The photojournalist behind an award-winning image of an Iranian protester in a haze of tear gas has spoken out against U.S. President Donald Trump's use of her photo to denounce Iran's leadership in connection with the 40th anniversary of the Iranian Revolution.
Iranian Yalda Moayeri said she hoped her photo "would be a symbol of freedom everywhere in the world" and accused the U.S. leader of "us[ing] it without my permission in a tweet in Persian even," calling it "a great shame for me and causes me deep sorrow."
She complained via Instagram on February 12 that "because of Trump's policies, I, my family and my friends are forced to live under sanctions that are devastating our lives."
Moayeri also said she had kept her authorship of the photo secret for six months out of fear that "being known as the photographer I [sic] might get me into trouble," seemingly highlighting the fear and lack of freedoms that U.S. and other Western governments argue are central to some of their harshest criticisms of Tehran.
The Trump administration last year announced it was withdrawing from a 2015 nuclear deal that had eased U.S. and other international sanctions in exchange for curbs on Iran's disputed nuclear program, saying continuation would have left "the world's leading state sponsor of terror...on the cusp of acquiring the world's most dangerous weapons." It has since imposed "on the Iranian regime" what Trump described as "the highest level of economic sanctions."
Experts say the moves have taken a heavy toll on Iran's currency and its economy, which was already saddled with high unemployment, entrenched corruption, and opaque levers of control.
Iranian President Hassan Rohani last year suggested Washington was waging "psychological and economic and eventually political warfare to break our nation."
Moayeri's photograph shows an unidentified woman near Tehran University raising a defiant fist with one hand while trying to protect herself from tear gas with the other amid street protests that rattled Iran's clerically dominated leadership in late 2017 and early 2018.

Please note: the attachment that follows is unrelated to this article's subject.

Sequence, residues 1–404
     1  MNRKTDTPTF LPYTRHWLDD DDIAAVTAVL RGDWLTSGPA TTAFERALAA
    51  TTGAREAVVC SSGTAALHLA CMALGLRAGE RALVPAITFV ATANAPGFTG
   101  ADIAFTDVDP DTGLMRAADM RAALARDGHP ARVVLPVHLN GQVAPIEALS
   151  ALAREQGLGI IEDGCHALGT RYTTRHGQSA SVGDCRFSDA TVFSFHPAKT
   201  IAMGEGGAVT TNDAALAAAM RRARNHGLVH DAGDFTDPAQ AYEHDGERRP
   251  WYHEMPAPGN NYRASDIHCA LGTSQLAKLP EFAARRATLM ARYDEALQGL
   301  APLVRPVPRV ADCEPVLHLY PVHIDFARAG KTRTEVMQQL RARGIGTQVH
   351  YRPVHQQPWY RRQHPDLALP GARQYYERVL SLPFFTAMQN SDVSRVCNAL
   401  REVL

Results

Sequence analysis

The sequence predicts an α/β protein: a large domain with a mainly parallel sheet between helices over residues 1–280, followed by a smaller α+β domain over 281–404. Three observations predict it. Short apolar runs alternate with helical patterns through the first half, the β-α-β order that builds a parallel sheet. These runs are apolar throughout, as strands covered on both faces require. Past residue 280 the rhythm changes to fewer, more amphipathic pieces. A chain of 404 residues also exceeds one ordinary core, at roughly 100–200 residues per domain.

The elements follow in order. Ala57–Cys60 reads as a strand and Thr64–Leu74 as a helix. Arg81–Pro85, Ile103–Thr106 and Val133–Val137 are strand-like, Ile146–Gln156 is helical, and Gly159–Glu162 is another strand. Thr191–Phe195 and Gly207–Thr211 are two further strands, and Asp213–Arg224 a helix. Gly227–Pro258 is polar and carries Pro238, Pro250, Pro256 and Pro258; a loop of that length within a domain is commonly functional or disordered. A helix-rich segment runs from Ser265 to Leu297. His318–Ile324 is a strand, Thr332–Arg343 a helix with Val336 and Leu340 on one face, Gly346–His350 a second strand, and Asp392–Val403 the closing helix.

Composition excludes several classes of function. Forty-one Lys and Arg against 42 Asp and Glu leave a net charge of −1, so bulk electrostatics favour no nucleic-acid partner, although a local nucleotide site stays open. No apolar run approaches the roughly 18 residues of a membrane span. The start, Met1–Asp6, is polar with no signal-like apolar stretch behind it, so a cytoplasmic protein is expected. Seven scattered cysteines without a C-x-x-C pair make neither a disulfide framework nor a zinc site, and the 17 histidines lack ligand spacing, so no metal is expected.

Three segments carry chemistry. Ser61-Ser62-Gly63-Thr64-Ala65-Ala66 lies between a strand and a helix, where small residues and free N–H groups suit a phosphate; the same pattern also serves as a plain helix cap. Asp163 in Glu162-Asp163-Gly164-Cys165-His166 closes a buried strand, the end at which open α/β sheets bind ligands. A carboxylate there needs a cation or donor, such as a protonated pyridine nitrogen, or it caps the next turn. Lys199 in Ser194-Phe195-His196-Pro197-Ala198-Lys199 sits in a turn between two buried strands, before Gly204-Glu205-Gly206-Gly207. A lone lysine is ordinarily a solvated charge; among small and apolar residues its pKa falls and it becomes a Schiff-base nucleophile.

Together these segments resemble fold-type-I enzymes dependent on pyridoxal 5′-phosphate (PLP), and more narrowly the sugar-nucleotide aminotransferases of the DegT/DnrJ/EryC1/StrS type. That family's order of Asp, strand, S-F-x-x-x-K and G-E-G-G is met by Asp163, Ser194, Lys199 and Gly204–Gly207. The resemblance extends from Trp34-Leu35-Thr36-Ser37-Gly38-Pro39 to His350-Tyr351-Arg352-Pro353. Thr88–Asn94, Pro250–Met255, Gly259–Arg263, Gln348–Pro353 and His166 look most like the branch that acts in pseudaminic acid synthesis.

Security forces came out in force, communications were restricted, and thousands of Iranians were detained in the effort to quell the economic and political unrest, which had spread to dozens of cities. Protest chants included condemnation of the leadership and the country's highest authority, Supreme Leader Ayatollah Ali Khamenei.
The photo was widely shared on social media and in the Western press at the time.
In conjunction with the anniversary this month of Iran's 1979 revolution, Trump used Moayeri's image in tweets on February 11 -- in English and in Persian -- with text accusing the Iranian leadership of "40 years of corruption. 40 years of repression. 40 years of terror. The regime in Iran has produced only #40YearsofFailure. The long-suffering Iranian people deserve a much brighter future."
Moayeri, 37, said seeing the picture in the tweets "and in a press interview by [U.S. Secretary of State Mike] Pompeo and any senior U.S. politician, is very embarrassing."
"This photo is from the people in Iran and for the people in Iran, and it shouldn't be misused by anyone else," she added.
Moayeri also criticized the year-old U.S. travel ban that prevents Iranians -- and nationals from six other countries -- from entering the United States, where she said her father lives.
U.S. officials including Pompeo have defended the reimposition of sanctions on Iran, saying the measures are designed to alter Tehran's behavior.
The Trump administration's tough line has been interpreted by some as an effort at regime change despite denials by U.S. officials.
Moayeri eventually won the main prize of the annual Iranian Photojournalist Association for the image, once her identity was known.
In an interview with The New York Times, she said that she sold her image to Iran-based photographers for The Associated Press and Agence France-Presse.
She said that she still possessed the rights to the photo.
Iran does not recognize international copyright laws.
But many interpretations of copyright law also make certain allowances for so-called transformative uses of works outside the exclusive rightsholder.
The U.S. State Department did not initially respond to an RFE/RL request for comment on Moayeri's statements.